Father of three becomes first in his family to earn a college degree, moving closer to his dream job in project management.
Duon Martin never thought he’d go to college.
That’s because in the small town of Salem where he grew up in southern New Jersey, no one went to college.
“We were never taught the things that really matter in life like education,” Martin says.
According to Martin, kids like him saw only two options in life: if they were good enough at basketball or football, they might dream of becoming a professional athlete. Otherwise, the only other path they thought they had was dealing drugs.
Martin wanted something better for himself and for his high school sweetheart and wife, Nyesha. So he decided to take a different path – one that led out of town – to begin a new life.
A better life
After graduating from high school, Martin moved to Newport News, Va. to participate in an apprenticeship program at a shipyard that builds aircraft carriers and submarines for the U.S. Navy. He entered as a pipefitter, and after completing the program, was promoted to nuclear quality inspector and then quality analyst.
“In high school, college wasn’t in my plans. My family didn’t have the money to pay for it, and I didn’t think I needed college to get where I wanted to go,” Martin says.
But after overhearing college grads at work discussing their salaries, he realized a degree could help him move up in his career, earn the respect he desired, and secure the lifestyle he wanted for his family.
At the time, Martin was working 12-hour shifts, seven days a week to make ends meet. “I was proud of how hard I was working, but I wanted to be home more with my family. I wanted to spend time with my three kids and watch them grow up.”
With a new perspective on college education, Martin applied to Saint Leo University. He was accepted and started working toward a business degree at the university’s Langley and Newport News Education Offices. He focused on a specialization that would move his career in a direction he had always wanted to go: project management.
Project management lessons in and out of the classroom
As he was working on his degree, Martin was able to gain valuable project management-related experience on the job.
For example, in the classroom, Martin learned about the traits of successful project managers – such as the ability to communicate effectively and to schedule and plan effectively.
At work, he practiced those skills every day.
In his current position as a nuclear quality analyst, Martin interacts with people at all levels of the company—from tradesmen to vendors to project managers—to ensure correct materials are ordered and the quality of materials delivered meets company standards. If materials don’t measure up, Martin investigates, and his reports ultimately impact the company’s future purchasing decisions and vendor relationships.
Throughout the project management coursework, Martin learned about managing people and scheduling, about collaboration and conflict resolution. He even overcame his fear of public speaking.
He also learned that everything in life is a project requiring these project management methods and skills.
“Project management can be anything. At my company, we build ships and submarines, and it takes seven years or more to do it. But raising kids is also a project. When you’re a parent and work full-time, you have to find time for everything. Scheduling is big—you try not to miss important events, award ceremonies, or birthdays.”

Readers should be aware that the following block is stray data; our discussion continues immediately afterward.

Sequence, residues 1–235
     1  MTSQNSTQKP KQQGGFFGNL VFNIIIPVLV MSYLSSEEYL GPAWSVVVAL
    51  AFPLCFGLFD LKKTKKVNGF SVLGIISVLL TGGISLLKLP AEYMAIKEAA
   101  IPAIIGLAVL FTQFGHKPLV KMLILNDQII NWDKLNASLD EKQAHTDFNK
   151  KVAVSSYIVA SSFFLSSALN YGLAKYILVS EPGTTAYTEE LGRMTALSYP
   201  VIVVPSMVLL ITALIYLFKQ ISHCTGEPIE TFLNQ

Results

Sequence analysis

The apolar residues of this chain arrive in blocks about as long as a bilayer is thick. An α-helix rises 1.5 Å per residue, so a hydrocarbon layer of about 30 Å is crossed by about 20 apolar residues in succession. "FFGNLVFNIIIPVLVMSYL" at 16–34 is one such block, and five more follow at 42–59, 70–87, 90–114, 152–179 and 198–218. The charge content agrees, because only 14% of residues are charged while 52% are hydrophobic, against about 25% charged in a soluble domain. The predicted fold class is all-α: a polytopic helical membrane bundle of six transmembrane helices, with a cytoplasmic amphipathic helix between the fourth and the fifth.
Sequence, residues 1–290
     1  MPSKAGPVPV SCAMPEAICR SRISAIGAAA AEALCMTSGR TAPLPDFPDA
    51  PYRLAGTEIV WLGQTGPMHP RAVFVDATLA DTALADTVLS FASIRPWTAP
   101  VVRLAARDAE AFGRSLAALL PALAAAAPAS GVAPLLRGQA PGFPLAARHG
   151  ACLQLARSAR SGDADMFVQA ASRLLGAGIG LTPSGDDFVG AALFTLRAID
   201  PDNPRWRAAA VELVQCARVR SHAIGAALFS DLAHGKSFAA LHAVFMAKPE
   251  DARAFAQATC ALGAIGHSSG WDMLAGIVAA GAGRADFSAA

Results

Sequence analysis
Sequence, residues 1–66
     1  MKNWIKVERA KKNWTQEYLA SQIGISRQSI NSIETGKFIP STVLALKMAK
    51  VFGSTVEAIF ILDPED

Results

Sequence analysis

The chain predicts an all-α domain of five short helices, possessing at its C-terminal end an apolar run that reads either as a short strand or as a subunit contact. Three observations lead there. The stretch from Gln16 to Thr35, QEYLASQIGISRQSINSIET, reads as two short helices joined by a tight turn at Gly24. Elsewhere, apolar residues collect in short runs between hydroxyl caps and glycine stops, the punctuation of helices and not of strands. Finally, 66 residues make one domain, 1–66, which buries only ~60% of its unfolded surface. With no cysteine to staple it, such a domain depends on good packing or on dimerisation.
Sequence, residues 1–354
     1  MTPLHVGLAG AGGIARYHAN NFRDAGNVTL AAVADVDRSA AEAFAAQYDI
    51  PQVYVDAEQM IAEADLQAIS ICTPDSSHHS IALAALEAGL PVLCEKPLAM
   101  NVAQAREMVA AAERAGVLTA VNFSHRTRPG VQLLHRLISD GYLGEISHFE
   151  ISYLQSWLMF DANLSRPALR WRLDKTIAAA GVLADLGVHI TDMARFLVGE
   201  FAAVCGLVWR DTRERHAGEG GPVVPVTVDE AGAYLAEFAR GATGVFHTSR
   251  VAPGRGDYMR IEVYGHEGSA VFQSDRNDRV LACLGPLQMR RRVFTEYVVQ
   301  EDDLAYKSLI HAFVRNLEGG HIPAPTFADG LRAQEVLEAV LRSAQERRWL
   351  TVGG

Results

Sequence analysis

The value of a degree in the real world
In May 2014, Martin’s proud wife, mother, uncle, and sister watched as he walked across the stage during commencement to receive his bachelor’s degree in business administration with a specialization in project management.
Just a few short weeks later, he applied for a project management position as a construction supervisor with his current employer. During his interview, he used two projects from his classes, including his capstone course project, as examples of the type of work he can do with a collaborative team.
While the position required more experience than Martin had at the time, he saw the opportunity to interview – and being selected as one of three final candidates out of dozens of applicants – as a solid step in the right direction.
“I had been applying for jobs similar to this one for two years and they would turn me down right away without even interviewing me. So I'm excited that now that I have my degree, I'm getting that extra look. I know that the knowledge I have gained from the project management curriculum will make me successful in my company throughout my career.”
Impacting future generations
Martin is especially optimistic about the future when he sees how far he has come in life.
“Although I lived the lifestyle that my family and friends did back home growing up, I always wanted something different. I always wanted to be successful and take care of my family and friends.”
Martin is proud to be the first one in his family to get married, to buy a house, and to graduate from college. And he hopes that his success in earning a degree will not only shape his future career, but will inspire his 10-year-old daughter, Duonjahnae, and his five-year-old and one-year-old sons, Duon, Jr. and Nyron, to do the same.
“Seeing me walk across that stage during commencement was a really big moment for my family. I hope it changes the culture of education in my family.
The bachelor’s degree program in business administration with a specialization in project management is also offered online through Saint Leo’s Center for Online Learning. An online MBA in project management, which can be completed in as little as one year, is available, as well. Saint Leo is a Registered Education Provider with the Project Management Institute.
Images courtesy of Duon Martin
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